My thoughts on One Small Mistake…

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The Chateau by Catherine Cooper #BookReview

They thought it was perfect. They were wrong…

A glamorous chateau

Aura and Nick don’t talk about what happened in England. They’ve bought a chateau in France to make a fresh start, and their kids need them to stay together – whatever it costs.

A couple on the brink

The expat community is welcoming, but when a neighbour is murdered at a lavish party, Aura and Nick don’t know who to trust.

A secret that is bound to come out…

Someone knows exactly why they really came to the chateau. And someone is going to give them what they deserve.

My thoughts on The Chateau

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The Last to Know by Jo Furniss #bookreview

American journalist Rose Kynaston has just relocated to the childhood home of her husband, Dylan, in the English village of his youth. There’s a lot for Rose to get used to in Hurtwood. Like the family’s crumbling mansion, inhabited by Dylan’s reclusive mother, and the treacherous hill it sits upon, a place of both sinister folklore and present dangers.

Then there are the unwelcoming villagers, who only whisper the name Kynaston—like some dreadful secret, a curse. Everyone knows what happened at Hurtwood House twenty years ago. Everyone except Rose. And now that Dylan is back, so are rumors about his past.

When an archaeological dig unearths human remains on the hill, local police sergeant Ellie Trevelyan vows to solve a cold case that has cast a chill over Hurtwood for decades.

As Ellie works to separate rumour from fact, Rose must fight to clear the name of the man she loves. But how can Rose keep her family safe if she is the last to know the truth?

My thoughts on The Last to Know…

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Circle of Doubt by Tracy Buchanan #bookreview

She thought she was the perfect mother—until the new neighbours moved in.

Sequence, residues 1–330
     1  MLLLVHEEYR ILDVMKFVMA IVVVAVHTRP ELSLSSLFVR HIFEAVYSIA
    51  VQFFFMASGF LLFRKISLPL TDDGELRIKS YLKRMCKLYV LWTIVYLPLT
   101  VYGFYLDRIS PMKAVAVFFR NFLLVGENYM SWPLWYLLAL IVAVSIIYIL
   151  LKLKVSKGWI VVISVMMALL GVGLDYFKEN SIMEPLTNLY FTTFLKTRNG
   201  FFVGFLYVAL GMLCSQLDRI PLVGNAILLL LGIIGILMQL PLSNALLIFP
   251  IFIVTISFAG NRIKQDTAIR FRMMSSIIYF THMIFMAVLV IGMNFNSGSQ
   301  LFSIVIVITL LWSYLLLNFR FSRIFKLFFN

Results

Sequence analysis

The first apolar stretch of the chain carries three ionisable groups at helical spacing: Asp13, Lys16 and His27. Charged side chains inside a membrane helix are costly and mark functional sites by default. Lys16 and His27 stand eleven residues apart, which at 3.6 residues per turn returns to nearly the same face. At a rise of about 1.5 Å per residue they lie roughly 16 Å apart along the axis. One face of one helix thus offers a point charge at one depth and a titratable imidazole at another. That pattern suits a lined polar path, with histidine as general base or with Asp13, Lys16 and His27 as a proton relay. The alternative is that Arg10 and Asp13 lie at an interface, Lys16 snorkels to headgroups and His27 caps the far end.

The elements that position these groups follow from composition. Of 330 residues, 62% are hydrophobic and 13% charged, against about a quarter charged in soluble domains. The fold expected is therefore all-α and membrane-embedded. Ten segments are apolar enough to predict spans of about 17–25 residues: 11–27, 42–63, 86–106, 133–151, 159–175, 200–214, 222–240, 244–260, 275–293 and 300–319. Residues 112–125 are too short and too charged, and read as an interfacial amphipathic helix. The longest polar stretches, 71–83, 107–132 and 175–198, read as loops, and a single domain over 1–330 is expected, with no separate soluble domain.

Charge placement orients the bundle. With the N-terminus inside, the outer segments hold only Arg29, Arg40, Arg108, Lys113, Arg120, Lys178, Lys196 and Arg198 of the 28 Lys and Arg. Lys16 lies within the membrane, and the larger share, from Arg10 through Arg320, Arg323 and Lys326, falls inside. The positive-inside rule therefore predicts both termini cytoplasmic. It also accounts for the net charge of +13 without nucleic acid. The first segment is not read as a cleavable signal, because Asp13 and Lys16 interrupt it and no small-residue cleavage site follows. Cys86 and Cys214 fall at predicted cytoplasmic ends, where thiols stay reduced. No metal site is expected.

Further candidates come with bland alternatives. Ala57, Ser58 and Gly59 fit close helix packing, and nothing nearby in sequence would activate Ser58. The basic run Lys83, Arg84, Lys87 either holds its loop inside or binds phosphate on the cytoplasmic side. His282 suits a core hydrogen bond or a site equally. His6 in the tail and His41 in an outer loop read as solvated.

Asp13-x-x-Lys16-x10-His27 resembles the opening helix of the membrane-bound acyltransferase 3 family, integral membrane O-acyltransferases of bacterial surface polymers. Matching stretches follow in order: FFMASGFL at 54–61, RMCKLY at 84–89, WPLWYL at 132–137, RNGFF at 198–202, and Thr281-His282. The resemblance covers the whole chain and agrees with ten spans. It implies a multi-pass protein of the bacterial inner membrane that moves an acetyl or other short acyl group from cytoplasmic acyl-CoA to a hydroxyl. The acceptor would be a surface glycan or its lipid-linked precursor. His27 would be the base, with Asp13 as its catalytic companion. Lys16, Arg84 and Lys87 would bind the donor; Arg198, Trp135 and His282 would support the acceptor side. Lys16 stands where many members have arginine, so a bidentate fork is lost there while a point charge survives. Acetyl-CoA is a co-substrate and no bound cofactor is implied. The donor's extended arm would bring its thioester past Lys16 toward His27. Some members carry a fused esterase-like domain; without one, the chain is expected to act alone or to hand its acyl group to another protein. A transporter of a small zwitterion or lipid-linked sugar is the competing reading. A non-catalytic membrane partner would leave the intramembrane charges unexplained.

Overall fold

Emma and Dele’s dreams came true nine years ago when they adopted their daughter, Isla. It felt like fate, like they were meant to find each other, and now they’re living the life they always wanted. But then one day a new family moves into Forest Grove—and Emma can’t shake the chilling feeling that the wife looks just like Isla’s birth mother.

Emma tells herself that this sophisticated stranger can’t possibly be the troubled woman she remembers from the adoption. But as they get to know each other and it becomes clear that Tatjana has a special interest in Isla, her suspicions grow.

When small things start to go wrong and her parenting abilities are brought into question, Emma feels undermined, turning to her sister Harriet for support. But things only spiral further when secrets from her past suddenly resurface.

With rumours swirling, Emma begins to doubt herself. Could Tatjana be Isla’s birth mother? And, with everything that’s happening, is Emma the right person to be raising her daughter at all?

My thoughts on Circle of Doubt…

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The Chalet by Catherine Cooper #bookreview

The Chalet Catherine Cooper

French Alps, 1998

Two young men ski into a blizzard… but only one returns.

20 years later

Four people connected to the missing man find themselves in that same resort. Each has a secret. Two may have blood on their hands. One is a killer-in-waiting.

Someone knows what really happened that day.

And somebody will pay.

My thoughts on The Chalet…Read More »

Blue Ticket by Sophie Mackintosh #bookreview

Blue Ticket Sophie Mackintosh

From the Man Booker Prize longlisted author of The Water Cure – discover this chilling new novel about motherhood, free will and fate, human longing and animal instinct

‘The cool intensity and strange beauty of Blue Ticket is a wonder – be sure to read everything Sophie Mackintosh writes’ Deborah Levy, author of Hot Milk

‘A gripping, sinister fable’ Margaret Atwood on The Water Cure

Calla knows how the lottery works. Everyone does. On the day of your first bleed, you report to the station to learn what kind of woman you will be. A white ticket grants you children. A blue ticket grants you freedom. You are relieved of the terrible burden of choice. And, once you’ve taken your ticket, there is no going back.

But what if the life you’re given is the wrong one?

Blue Ticket is a devastating enquiry into free will and the fraught space of motherhood. Bold and chilling, it pushes beneath the skin of female identity and patriarchal violence, to the point where human longing meets our animal bodies.

My thoughts on Blue Ticket